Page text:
To begin working the gig, you’ll first need to be within a certain distance of its location. In other words, unless you’re physically present, you can’t live in San Francisco and apply for gigs in Los Angeles. Once you locate a gig from the map or list view, click on it in order to view information about what needs to be completed. If you’re ready to begin, just tap the green “Start Working” button, and full instructions will appear. Keep in mind that you may need to download some third-party apps (such as PhotoSynth) to finish all of a specific gig’s tasks. After you’ve completed everything required, simply upload any relevant files (e.g. images), and press the “Submit Work” button.
Once the business approves your work, your PayPal account will be credited within seven days, less any associated fees. At this point, the employer will also be given the opportunity to award you with “streetcred,” which signifies that you’ve done a good job. Once you accumulate enough streetcred points, higher-paying/higher quality gigs will become available.
So to break it down, the Gigwalk process for individuals entails six main steps:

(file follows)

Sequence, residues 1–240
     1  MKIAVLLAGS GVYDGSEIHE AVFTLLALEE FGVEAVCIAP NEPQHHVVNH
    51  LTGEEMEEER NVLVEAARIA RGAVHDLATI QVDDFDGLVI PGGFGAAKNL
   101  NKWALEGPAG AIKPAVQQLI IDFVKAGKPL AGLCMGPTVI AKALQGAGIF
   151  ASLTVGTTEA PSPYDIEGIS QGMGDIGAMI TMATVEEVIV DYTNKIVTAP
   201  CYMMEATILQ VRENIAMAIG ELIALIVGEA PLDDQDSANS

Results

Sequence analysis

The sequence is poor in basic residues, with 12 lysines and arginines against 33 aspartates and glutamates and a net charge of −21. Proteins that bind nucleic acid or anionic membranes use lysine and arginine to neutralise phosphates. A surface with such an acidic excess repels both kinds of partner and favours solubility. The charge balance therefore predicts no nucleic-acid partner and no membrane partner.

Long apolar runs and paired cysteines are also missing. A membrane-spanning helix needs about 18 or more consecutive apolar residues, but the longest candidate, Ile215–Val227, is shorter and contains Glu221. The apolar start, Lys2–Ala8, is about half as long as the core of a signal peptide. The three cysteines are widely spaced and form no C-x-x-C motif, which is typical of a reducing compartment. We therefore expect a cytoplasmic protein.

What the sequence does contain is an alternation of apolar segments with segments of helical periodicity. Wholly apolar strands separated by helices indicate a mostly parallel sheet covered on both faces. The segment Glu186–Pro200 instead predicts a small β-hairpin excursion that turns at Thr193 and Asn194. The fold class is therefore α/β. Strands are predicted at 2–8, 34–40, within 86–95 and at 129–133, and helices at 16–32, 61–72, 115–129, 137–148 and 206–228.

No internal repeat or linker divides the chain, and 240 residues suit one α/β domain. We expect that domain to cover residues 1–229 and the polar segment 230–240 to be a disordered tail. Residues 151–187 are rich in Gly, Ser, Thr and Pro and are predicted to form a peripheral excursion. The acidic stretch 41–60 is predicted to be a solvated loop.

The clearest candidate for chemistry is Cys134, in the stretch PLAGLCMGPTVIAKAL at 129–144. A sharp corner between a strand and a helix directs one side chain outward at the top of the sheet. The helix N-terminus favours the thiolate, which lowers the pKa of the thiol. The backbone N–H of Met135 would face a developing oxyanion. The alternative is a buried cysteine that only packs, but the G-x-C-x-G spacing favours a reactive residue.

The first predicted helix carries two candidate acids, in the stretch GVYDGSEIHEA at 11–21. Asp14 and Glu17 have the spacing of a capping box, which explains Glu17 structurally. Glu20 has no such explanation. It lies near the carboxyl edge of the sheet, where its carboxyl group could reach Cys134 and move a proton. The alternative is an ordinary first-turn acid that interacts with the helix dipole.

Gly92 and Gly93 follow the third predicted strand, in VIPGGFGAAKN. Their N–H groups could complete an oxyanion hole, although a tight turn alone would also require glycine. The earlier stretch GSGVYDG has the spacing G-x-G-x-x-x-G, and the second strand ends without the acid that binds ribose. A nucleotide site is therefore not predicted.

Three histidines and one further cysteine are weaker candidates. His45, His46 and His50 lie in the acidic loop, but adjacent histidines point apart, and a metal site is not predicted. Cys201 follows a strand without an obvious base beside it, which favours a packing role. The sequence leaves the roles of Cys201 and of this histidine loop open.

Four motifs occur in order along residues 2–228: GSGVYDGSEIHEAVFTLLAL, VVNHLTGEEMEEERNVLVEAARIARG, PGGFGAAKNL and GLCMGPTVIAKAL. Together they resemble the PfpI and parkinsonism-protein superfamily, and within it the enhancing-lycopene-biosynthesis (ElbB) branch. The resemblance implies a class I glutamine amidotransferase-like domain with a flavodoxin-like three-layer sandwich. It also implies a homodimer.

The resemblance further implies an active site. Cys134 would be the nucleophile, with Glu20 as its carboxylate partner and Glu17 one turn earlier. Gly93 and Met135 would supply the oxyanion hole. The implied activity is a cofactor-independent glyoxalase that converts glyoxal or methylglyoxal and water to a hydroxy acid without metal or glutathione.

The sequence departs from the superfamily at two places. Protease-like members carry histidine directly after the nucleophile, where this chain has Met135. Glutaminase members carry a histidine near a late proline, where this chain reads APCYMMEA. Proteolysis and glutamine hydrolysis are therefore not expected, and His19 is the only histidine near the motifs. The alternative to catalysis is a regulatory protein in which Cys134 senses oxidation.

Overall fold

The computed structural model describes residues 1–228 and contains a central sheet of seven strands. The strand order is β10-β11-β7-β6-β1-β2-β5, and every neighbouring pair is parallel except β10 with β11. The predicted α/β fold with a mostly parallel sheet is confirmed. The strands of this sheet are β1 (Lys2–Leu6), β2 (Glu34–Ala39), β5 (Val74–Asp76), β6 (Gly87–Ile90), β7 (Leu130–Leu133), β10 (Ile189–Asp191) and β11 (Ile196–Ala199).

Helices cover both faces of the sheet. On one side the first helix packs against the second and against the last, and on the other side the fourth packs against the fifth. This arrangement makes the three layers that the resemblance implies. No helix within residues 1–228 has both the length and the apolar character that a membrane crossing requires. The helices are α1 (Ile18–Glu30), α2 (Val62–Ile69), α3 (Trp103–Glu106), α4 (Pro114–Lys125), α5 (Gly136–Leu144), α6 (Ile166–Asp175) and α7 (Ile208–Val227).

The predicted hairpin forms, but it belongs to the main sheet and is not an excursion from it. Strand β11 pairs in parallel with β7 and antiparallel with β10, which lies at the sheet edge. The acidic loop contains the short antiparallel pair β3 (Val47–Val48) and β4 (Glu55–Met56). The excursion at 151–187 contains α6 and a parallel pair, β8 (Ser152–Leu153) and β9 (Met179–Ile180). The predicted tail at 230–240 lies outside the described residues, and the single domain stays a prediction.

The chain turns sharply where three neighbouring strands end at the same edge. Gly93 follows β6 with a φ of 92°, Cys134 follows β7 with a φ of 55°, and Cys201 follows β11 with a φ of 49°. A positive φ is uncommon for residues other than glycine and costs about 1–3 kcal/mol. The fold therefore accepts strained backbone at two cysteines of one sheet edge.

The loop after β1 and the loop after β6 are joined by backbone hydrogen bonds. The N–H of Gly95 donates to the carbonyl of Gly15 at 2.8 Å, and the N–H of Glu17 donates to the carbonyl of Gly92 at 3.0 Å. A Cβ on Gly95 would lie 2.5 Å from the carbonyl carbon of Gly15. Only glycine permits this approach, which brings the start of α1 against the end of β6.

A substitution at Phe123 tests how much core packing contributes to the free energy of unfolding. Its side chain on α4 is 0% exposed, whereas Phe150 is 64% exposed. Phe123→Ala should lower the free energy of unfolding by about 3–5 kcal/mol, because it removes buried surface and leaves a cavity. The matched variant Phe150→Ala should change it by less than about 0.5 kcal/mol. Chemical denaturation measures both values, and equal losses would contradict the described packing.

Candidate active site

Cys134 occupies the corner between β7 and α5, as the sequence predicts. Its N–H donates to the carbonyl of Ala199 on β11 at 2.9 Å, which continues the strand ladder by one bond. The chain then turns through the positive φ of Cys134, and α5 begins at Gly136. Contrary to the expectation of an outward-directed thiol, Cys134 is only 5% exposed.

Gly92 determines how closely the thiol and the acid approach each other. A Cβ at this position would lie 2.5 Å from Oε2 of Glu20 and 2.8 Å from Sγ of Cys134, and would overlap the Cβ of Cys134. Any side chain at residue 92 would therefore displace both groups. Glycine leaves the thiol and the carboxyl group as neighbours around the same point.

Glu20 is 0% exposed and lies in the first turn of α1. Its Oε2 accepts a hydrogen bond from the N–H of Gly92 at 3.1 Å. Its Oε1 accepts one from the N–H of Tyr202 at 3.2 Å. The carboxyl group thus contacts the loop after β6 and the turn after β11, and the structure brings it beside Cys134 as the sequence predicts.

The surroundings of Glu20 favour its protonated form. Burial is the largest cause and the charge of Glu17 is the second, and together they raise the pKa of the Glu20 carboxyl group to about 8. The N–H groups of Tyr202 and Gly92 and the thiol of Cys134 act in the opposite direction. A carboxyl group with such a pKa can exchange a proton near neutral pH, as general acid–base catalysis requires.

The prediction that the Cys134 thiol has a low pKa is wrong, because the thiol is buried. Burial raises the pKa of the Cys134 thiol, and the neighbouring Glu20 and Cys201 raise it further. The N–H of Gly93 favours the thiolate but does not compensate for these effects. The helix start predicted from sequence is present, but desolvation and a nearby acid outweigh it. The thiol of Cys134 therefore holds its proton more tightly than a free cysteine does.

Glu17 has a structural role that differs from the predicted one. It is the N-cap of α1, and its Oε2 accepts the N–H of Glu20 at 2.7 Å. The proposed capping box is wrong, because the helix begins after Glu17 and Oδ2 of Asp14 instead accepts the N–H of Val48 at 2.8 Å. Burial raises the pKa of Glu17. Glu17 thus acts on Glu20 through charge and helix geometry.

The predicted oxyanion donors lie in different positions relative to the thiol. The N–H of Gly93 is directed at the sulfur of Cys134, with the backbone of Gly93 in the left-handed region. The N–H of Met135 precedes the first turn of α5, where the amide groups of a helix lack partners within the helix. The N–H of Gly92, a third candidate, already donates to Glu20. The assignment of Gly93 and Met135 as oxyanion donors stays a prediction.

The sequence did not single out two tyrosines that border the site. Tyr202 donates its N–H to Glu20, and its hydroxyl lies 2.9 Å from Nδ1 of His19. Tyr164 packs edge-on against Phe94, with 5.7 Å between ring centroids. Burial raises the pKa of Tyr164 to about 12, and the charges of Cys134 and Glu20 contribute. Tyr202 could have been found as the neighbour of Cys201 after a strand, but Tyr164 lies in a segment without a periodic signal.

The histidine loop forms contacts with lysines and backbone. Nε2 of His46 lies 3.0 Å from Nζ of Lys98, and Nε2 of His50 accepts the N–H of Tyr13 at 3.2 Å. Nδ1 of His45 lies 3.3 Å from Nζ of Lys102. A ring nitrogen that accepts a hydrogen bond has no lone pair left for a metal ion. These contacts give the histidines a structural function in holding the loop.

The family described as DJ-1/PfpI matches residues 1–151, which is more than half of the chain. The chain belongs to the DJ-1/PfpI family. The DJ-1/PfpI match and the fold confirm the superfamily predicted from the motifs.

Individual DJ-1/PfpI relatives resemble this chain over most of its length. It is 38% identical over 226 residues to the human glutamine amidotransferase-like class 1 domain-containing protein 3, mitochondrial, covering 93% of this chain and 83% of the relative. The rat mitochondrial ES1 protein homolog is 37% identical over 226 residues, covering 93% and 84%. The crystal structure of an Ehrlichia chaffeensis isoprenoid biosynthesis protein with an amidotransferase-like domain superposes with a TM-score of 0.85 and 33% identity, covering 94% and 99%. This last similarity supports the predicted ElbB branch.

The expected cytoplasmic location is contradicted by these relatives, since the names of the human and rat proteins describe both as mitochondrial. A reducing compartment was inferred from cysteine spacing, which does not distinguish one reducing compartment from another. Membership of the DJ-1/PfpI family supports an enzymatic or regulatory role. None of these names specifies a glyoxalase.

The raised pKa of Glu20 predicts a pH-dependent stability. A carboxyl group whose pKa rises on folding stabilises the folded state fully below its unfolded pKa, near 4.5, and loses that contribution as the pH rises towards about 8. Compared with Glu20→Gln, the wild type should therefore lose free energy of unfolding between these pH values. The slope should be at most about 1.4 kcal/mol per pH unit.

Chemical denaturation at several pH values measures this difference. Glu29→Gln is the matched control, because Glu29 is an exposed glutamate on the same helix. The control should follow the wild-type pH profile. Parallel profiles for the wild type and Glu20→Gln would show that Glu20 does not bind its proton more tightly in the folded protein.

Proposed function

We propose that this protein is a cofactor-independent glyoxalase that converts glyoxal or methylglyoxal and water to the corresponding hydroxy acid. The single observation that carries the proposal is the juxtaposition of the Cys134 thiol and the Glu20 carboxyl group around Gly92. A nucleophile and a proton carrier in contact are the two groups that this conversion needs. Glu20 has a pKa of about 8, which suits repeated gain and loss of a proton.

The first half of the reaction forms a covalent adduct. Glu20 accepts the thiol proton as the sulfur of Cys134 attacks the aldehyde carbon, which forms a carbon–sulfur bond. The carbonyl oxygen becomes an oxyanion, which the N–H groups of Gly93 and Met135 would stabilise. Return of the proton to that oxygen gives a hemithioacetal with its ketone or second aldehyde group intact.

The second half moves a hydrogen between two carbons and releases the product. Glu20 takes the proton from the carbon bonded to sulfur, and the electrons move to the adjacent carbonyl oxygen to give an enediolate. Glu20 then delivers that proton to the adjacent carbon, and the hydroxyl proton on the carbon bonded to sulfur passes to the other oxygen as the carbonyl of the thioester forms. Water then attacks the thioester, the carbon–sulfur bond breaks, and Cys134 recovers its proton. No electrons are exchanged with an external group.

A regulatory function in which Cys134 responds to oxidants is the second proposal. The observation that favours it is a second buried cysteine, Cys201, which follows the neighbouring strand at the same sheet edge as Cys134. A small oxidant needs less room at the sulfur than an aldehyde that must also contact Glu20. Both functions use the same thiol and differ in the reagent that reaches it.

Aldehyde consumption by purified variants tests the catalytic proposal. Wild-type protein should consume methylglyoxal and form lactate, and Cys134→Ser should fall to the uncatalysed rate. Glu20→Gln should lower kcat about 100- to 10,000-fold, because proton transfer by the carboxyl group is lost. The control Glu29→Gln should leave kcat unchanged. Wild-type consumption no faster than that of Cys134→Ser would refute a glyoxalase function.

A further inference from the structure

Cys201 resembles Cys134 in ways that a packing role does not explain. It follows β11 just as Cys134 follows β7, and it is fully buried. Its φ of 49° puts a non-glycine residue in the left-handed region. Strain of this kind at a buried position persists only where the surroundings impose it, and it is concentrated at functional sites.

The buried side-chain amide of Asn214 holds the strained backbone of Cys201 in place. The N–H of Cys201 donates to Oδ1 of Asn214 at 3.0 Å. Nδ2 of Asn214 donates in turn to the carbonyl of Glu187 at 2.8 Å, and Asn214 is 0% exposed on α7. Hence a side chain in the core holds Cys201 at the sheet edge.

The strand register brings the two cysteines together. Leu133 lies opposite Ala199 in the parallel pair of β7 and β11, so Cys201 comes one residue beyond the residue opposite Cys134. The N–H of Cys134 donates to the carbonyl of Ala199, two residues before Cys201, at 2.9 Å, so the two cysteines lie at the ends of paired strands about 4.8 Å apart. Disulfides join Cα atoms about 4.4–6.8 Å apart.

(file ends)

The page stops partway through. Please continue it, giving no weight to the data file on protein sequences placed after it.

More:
- A business posts a gig for work needed.
- You search the database for a gig that meets your needs, and submit your application.
- If your background matches the business’s needs, they hire you.
- You complete the required work, and upload it to your customer via the Gigwalk app.
- Your work is either approved, or may require a quick follow up.
- Once the assignment is complete, you’ll be paid through PayPal.
Gigwalk for Businesses:
If you’re a business owner, you simply have to post a gig through the Gigwalk website, and wait for a Gigwalker to accept and complete the job.
In addition, the company appears to provide a suite of services that can help you automate your business’s merchandising, and improve your shelf compliance. For instance, their Shelfwatch product helps you “track and fix retail execution,” while their Eventwatch product helps make sure you in-store marketing events go off without a hitch. Overall, in addition to the services provided by their app, Gigwalk is focused on giving you real time data that you can use to gain huge insights into how your business operates, and how you can improve these processes to boost your ROI.